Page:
I was fortunate enough to witness the bison re-inhabiting the Gardiner Basin when I visited that spring to attend a public meeting about the proposed expansion area. It was such a treat to revel in the presence of the native bison without having to also witness the animals being harassed by agents with horses, helicopters, ATVs or snowmobiles!

Shortly after the state announced it would agree to allow bison to regularly migrate to and inhabit the Gardiner Basin, the livestock interests filed lawsuits challenging Montana’s authority to allow bison to exist in the state. Their claims ran the gamut of legal imagination, and each and every one was struck down in yesterday’s ruling. The court declared the state had acted within its authority to allow bison to migrate to their native habitat, and that living with wildlife like bison is simply part of living in a state like Montana.

Western Watersheds Project and Buffalo Field Campaign were jointly represented by Western Watersheds Project attorneys, including myself, and private attorney (and long-time bison supporter) Ted Fellman. Together, we were able to present the testimony of two Gardiner Basin residents who value and support the presence of wild bison in the place they call home.  Their voices were an important antidote to the complaints of the vocal minority that was and is the Stockgrowers’ Association and Montana Farm Bureau. Conservation groups Bear Creek Council, Greater Yellowstone Coalition, and Natural Resources Defense Council were also intervenors and were represented by Earthjustice, providing a strong show of support for the state’s position.

Thanks to everyone who helped America’s wild bison have more room to roam in winter!





Summer Nelson
Montana Director

Longevity of Oldest Resident of Montana’s Wild Horse Island Surprising

By Vince Devlin of the Missoulian

“He’s got to be 30-plus…”
The last survivor of the 1992 transplant of wild horses to Wild Horse Island on Flathead Lake keeps surprising biologists by his longevity. “I don’t know what the old guy’s secret is,” says Jerry Sawyer, manager of the island for Fish, Wildlife and Parks, “but whatever he’s eating, I wish I could get some.”

The last survivor of the 1992 transplant of wild horses to Wild Horse Island on Flathead Lake keeps surprising biologists by his longevity. “I don’t know what the old guy’s secret is,” says Jerry Sawyer, manager of the island for Fish, Wildlife and Parks, “but whatever he’s eating, I wish I could get some.”

POLSON — This particular year-end update has become joyfully obligatory, and Jerry Sawyer seems to get a kick out of the annual phone call from the Missoulian.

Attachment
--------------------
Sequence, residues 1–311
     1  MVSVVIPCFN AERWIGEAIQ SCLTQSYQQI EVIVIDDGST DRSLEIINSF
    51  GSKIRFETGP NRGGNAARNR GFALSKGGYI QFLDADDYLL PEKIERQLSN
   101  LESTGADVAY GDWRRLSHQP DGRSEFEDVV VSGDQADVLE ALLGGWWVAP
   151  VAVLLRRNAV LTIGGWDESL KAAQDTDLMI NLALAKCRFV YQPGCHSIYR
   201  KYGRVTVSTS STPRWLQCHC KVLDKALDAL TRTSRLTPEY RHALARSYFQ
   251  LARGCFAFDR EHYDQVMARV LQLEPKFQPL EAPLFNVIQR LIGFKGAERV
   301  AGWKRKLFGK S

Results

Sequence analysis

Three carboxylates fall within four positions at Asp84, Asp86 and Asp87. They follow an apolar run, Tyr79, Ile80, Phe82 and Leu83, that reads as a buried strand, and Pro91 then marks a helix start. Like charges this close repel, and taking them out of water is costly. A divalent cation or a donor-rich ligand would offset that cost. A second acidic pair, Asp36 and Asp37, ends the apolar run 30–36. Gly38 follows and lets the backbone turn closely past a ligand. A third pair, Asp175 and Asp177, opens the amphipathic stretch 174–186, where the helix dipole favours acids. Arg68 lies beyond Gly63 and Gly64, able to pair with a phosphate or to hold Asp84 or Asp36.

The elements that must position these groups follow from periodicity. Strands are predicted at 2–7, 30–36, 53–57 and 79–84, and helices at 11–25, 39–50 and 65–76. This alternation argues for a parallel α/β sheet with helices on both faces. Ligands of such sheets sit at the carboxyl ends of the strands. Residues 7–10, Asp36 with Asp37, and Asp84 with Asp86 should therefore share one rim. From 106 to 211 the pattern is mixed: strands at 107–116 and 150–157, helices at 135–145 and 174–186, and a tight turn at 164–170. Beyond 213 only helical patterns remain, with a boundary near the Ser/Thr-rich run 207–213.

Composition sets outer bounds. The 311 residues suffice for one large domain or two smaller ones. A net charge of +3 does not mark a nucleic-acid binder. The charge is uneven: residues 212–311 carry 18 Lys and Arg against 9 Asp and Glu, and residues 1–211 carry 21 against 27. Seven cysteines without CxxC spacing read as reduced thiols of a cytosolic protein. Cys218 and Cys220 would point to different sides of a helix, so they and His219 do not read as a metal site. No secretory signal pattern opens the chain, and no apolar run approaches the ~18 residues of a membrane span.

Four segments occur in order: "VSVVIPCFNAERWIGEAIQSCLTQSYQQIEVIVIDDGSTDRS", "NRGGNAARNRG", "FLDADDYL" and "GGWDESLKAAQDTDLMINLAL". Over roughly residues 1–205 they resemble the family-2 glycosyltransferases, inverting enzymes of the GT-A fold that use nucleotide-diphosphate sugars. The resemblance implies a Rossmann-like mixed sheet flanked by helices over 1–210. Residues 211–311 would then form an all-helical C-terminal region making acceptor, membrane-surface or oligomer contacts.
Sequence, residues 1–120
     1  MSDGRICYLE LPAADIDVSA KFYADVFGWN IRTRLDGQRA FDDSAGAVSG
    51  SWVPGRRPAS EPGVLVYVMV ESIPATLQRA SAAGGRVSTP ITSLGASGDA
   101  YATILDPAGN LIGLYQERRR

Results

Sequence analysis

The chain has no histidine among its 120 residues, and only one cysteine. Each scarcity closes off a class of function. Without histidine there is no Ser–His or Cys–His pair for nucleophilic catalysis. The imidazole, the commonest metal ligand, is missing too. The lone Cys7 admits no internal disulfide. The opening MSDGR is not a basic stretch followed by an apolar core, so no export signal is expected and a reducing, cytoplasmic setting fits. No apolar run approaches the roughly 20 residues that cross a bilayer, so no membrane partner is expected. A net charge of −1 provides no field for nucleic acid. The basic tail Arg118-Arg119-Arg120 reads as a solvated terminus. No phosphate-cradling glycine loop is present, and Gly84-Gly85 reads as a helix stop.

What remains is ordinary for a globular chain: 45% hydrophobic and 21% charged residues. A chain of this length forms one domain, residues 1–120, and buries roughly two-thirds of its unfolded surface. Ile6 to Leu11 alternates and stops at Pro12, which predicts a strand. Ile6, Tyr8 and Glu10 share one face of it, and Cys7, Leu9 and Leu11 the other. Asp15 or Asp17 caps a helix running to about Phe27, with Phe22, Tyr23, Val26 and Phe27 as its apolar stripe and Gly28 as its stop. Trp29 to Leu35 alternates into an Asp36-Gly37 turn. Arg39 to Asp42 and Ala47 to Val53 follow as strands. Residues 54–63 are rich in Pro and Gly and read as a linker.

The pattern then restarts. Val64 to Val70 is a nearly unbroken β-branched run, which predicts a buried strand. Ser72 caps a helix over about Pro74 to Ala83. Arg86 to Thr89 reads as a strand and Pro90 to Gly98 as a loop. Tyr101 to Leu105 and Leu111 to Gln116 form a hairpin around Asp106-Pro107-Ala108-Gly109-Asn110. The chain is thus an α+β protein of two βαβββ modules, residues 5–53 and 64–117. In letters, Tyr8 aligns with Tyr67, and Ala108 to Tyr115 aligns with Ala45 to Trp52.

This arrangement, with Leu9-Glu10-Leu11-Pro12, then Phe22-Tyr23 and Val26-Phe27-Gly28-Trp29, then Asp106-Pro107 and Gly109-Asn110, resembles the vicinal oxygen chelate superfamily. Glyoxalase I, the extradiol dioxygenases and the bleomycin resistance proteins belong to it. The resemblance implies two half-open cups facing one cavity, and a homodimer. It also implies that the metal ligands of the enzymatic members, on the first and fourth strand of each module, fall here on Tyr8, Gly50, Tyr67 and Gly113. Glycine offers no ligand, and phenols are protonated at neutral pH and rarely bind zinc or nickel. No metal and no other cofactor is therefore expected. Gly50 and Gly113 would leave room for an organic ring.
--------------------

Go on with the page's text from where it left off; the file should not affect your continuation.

His reports of the seemingly imminent demise of the oldest wild horse on Wild Horse Island again appear, Sawyer allows, to have been greatly exaggerated.

How the horse does it, he has no idea.

“He’s still going,” says Sawyer, who manages the seven state parks on Flathead Lake for Montana Fish, Wildlife and Parks. “One of our biologists was just doing a (bighorn) sheep count on the island, and he saw all the horses and said they were looking good. I don’t know what the old guy’s secret is, but whatever he’s eating, I wish I could get some.”

Sawyer had been predicting the old horse would likely not survive another winter for four or five winters now, and with good reason.

The last survivor of a 1992 transplant of wild horses onto the island has several times appeared to be days from a natural death’s door. Four years ago Sawyer said the ancient gelding ‘s ribs were clearly visible beneath his hide even though the island was lush with vegetation at the time.

It looked like the old boy’s internal organs were shutting down, Sawyer said back then.

There didn’t seem to be any way the old horse could ever survive another winter, and when he’d emerge intact — if little more than skin and bones — each successive spring, he sometimes looked like he might not even make it through one more summer.

He’s had difficulty shedding his winter coat every year for the past few, giving him an even more decrepit appearance. There has been an occasion or two over the past four to five years Sawyer has wondered aloud if the end might be just days away.

“Last spring, he looked more like a musk ox than a horse,” Sawyer says. “His metabolism isn’t what it needs to be, which is why he has trouble shedding his winter coat.”

Estimates for the lifespan of a wild horse go as low as 12 to 14 years, although others put it as high as 20 to 25.

The oldest wild horse on Wild Horse is at least 30.

“He’s got to be 30-plus,” Sawyer says. “That’s just ancient for a wild horse — like a human who lives over 100.”

The 2,164-acre island, 99 percent of which is a primitive state park, is managed under a plan that calls for up to five wild horses to call it home.